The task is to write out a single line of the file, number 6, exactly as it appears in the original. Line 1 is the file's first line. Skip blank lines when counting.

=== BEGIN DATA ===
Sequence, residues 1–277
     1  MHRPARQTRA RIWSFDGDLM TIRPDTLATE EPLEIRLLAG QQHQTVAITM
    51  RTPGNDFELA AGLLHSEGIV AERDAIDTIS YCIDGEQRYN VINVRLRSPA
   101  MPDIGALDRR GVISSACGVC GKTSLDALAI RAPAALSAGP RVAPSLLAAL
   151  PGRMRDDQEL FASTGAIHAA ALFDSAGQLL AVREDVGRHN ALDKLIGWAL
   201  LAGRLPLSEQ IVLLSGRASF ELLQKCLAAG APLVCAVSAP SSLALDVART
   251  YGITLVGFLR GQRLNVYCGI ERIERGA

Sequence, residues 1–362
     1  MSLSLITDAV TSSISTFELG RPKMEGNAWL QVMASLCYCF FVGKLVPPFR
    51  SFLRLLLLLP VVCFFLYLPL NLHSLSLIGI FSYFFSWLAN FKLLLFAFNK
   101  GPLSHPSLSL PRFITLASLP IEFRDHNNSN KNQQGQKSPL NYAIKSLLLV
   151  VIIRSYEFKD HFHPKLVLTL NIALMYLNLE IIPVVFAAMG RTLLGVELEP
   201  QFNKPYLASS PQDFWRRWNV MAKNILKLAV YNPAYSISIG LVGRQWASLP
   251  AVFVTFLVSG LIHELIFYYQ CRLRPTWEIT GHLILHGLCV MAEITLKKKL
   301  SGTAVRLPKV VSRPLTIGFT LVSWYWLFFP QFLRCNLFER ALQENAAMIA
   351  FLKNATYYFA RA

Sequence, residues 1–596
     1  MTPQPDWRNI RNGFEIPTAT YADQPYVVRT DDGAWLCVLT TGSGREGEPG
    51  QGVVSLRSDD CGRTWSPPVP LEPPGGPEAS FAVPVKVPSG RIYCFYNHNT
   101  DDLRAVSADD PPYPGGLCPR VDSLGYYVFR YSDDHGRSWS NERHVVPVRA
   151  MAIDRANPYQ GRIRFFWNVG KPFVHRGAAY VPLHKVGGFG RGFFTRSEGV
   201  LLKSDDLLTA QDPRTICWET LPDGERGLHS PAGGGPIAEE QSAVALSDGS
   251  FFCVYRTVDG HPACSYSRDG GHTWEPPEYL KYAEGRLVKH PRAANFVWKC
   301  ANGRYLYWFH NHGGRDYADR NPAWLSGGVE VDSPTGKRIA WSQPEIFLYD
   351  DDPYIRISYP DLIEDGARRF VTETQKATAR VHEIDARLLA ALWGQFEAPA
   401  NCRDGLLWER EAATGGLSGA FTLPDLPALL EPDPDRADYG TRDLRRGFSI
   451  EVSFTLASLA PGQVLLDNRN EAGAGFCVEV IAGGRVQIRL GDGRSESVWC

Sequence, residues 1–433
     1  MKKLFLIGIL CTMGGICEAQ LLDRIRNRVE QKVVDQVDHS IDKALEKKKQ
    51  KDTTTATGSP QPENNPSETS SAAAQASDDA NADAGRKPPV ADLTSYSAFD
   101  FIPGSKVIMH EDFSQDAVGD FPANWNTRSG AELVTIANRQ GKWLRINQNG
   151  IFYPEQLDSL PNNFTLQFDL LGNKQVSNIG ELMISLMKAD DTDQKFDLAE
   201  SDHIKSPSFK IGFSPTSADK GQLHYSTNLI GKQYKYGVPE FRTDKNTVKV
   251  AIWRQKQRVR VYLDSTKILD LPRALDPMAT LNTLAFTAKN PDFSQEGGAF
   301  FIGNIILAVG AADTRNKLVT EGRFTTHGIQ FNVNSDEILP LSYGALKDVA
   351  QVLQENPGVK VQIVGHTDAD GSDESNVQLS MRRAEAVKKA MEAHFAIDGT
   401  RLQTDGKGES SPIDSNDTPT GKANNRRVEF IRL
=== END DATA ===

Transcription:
   201  LAGRLPLSEQ IVLLSGRASF ELLQKCLAAG APLVCAVSAP SSLALDVART